Most developers dont make adequate use of the Common Vulnerabilities and Exposures data at www.cve.mitre.org. “I was speaking to a group the other night,” said Gary Miliefsky, CEO of PredatorWatch Inc., in North Chelmsford, Mass., “and I said, Raise your hand if you know what a CVE is. No one raised their hand. A developer needs to know when a product is opening a port or using any other resource what vulnerabilities its opening.”
Network Engines Amaral offered another perspective on why there will almost always be a need to seek out rotten code in even the latest release of an application. “Id bet that 50 percent of all the leading applications had their origin in a startup company at one time or another. Its a new idea, and your goal is to build share, and you write software without appreciating its deficiencies.”
Throwing away the “startup code” may feel like throwing away the startup capital, but sometimes it may be a necessary step on the way to offering customers and clients a truly secure application foundation.
Technology Editor Peter Coffee can be reached at firstname.lastname@example.org.
Security—Developing An Applications View
Accept nonzero risk
- All nontrivial applications grant access to assets
- Web-enabled applications have large attack surface and small opportunity for code review
- Security must be built in at the level of development practice, not added as a network-level embellishment
Agree on terms and goals
- What networkers call “applications,” enterprise developers term mere “protocols”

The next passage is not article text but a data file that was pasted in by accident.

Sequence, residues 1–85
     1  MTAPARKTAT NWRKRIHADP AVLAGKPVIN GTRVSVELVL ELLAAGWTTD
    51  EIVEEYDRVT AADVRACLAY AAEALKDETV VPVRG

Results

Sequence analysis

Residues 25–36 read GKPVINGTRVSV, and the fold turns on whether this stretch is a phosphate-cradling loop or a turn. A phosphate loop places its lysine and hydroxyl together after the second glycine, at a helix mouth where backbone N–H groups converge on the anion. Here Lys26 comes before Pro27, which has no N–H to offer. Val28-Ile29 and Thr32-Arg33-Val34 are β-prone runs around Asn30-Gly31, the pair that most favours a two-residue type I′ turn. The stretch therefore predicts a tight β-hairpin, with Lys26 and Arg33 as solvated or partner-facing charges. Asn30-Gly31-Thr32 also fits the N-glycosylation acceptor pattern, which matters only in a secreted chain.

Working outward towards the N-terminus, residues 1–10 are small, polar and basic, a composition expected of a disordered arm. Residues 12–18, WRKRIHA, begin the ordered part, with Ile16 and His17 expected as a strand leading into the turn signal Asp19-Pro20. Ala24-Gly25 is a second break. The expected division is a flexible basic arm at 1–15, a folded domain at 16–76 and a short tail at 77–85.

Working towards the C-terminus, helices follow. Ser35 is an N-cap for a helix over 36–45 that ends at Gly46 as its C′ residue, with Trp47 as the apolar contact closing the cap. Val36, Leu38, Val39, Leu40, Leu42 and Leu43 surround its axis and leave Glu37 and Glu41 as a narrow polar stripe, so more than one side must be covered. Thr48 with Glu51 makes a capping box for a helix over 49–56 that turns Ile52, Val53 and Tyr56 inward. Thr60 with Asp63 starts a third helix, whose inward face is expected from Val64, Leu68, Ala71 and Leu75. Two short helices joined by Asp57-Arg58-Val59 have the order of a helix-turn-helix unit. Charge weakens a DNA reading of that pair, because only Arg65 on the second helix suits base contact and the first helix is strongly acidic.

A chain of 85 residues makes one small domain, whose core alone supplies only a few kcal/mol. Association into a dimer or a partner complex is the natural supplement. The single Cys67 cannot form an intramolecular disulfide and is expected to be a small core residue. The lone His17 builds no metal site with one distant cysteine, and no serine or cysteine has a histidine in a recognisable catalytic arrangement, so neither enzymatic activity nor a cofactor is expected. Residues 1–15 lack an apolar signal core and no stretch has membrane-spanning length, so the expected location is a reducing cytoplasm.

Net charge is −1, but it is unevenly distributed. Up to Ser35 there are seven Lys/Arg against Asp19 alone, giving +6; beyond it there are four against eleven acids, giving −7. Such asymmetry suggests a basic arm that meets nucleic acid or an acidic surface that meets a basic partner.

- Casual configuration management practices may leave networks sown with useful clues for attackers
- Hiding application traffic inside protocols such as HTTPS virtually guarantees future breaches
Have the right kind of paranoia
- Assume that attackers will confuse applications into bizarre modes of failure
- Minimize leakage of internal application details during any failure scenario
- Dont give users incentive to bypass inconvenient security or do without useful application capabilities
Source: eWEEK Labs
- Taxonomy of application threats www.kavado.com/products/threat-protection.asp
- World Bank Technology Risk Checklist www.cyberpartnership.org/world%20bank%20techchecklist.pdf
- Web application security patterns and practices msdn.microsoft.com/library/default.asp?url=/library/en-us/dnnetsec/html/threatcounter.asp
- Error-prevention processes www.devx.com/security/article/20678
- Firewall design considerations loop.introp.com/comments.php?id=226_0_1_0_C